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Who Is Coach Sickie?

Courtesy of WOWSA, La Jolla, California.

Coach Sickie aka Ronald A. Marcikic started coaching in 1966 – and has never stopped.

Director/Head Coach, University of California, San Diego Masters Sports
Sickie is the founding Director and Head Coach of the University of California, San Diego Masters Sports program in La Jolla, California. This long standing Southern California program includes 300 plus athletes in 25 weekly swimming, running and triathlon workouts, with a coaching staff of 13 professional coaches.
Sickie has been a water person his whole life. He was a top competitive swimmer through college and started coaching in the Michigan country club league in 1966. Although coaching masters is his first love, Sickie has worked with age group, high school and college swimmers since 1967.
His first masters programs between 1977 & 1982 in San Diego were the MRC Masters, Miramar Naval Air Station Masters, JCC Masters, Mission Valley Masters and the Clairemont Masters swimming programs. These programs were all rolled into one giant swimming group in 1983 when UCSD built their first 50 meter pool. The university had given Sickie 5 years of pool time and the rest is history.
Sickie is a current American Swim Coaches Association (ASCA) Level 5 Masters Coach, and has made numerous ASCA World Clinic presentations in the master’s track. Closing in on 50 years of coaching and 58 years of competitive swimming experience, Sickie’s unique coaching style has evolved and ‘somewhat matured’ into a full mind/body experience for anyone who has found themselves in the pool with him on deck. His motto is ‘Ya Gotta Wanna’, and it fits ‘this guy with the mis-matched socks’ and Aloha shirt to a tee. Fitness is a way of life!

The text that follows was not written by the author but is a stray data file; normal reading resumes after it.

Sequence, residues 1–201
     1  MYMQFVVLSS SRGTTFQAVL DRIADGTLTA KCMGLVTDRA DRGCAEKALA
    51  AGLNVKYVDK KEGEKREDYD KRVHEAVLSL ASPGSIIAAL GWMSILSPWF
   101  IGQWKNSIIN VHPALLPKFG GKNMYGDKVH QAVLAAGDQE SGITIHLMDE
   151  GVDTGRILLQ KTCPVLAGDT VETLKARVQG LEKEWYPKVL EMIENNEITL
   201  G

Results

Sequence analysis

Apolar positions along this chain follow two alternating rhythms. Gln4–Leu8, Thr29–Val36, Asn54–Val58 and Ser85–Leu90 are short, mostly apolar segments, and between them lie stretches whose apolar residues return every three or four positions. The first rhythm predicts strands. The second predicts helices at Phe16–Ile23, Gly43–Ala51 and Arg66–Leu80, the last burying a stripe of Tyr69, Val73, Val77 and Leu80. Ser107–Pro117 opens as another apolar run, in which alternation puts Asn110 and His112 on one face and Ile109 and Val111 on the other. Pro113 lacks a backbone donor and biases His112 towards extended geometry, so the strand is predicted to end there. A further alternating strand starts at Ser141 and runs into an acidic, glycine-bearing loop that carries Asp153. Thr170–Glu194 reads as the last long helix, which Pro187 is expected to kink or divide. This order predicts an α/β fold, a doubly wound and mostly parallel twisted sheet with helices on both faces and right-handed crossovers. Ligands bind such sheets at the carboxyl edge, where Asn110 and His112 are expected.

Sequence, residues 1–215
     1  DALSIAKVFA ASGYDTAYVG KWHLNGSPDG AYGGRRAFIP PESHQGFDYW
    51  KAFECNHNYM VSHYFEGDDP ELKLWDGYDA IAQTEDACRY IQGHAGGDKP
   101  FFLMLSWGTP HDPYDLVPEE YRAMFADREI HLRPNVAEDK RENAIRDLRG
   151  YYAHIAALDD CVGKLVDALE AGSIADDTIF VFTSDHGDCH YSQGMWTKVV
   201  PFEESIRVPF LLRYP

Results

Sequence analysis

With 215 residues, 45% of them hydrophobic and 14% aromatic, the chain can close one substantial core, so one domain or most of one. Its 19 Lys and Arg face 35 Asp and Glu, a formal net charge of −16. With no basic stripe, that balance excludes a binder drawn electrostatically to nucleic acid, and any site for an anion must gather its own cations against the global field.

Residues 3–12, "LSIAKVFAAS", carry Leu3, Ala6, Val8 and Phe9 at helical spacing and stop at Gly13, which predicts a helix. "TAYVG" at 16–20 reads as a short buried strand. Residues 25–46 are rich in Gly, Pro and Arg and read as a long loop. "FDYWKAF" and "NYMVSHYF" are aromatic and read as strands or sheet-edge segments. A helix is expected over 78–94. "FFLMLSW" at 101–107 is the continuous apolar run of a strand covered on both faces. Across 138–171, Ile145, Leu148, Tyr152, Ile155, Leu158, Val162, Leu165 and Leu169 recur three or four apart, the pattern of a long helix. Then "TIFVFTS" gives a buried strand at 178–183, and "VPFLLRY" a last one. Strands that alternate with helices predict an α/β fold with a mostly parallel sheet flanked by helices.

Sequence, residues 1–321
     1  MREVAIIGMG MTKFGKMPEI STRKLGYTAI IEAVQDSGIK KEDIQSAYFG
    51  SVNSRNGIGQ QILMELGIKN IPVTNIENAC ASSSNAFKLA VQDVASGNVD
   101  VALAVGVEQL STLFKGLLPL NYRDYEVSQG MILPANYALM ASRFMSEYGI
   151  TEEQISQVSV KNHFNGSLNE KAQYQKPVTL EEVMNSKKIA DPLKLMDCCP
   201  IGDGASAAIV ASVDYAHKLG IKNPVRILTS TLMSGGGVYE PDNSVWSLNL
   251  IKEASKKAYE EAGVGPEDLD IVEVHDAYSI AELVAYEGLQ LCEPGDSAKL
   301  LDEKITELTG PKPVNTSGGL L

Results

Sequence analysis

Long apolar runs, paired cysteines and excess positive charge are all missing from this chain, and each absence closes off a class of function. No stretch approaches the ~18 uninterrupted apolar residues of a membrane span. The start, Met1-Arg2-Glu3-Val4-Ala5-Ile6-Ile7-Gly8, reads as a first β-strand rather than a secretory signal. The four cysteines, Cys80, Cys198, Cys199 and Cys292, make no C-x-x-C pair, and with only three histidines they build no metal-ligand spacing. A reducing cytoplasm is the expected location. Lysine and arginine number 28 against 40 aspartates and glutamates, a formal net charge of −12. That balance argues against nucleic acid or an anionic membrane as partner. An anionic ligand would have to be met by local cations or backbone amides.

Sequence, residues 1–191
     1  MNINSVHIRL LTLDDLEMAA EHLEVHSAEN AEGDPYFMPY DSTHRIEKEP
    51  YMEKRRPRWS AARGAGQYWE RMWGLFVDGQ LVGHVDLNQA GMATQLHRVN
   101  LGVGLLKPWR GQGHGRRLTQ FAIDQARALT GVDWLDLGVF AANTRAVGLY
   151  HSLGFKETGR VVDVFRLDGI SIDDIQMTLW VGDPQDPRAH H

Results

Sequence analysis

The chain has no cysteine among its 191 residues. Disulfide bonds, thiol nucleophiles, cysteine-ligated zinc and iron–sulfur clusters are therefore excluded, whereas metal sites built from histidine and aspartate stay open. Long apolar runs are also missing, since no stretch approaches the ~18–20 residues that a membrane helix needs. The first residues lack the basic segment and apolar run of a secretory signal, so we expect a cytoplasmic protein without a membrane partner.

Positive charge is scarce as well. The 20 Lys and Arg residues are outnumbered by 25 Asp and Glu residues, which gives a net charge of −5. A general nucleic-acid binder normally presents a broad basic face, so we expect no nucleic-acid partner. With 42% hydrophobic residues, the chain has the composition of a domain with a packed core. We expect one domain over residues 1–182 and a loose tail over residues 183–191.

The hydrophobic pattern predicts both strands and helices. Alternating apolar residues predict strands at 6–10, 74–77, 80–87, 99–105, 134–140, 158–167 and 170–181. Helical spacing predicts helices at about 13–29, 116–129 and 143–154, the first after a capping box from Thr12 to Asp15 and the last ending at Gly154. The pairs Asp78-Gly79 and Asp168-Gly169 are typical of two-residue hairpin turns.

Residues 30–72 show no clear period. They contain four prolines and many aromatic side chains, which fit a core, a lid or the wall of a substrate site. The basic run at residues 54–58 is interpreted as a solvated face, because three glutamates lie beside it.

Team Building Discussion: “Friday Night Madness at the pool…”
Team building is usually a collective term for various types of activities used to enhance social relations and define roles within teams often involving collaborative tasks. As it pertains to masters swimming programs, however, the definition becomes both broader in the scope of the activities enhancing social relations, but narrower in defining roles involving collaborative tasks. The end result should be a more cohesive ‘community’ of swimmers all sharing a common space (swimming pool) with similar goals.
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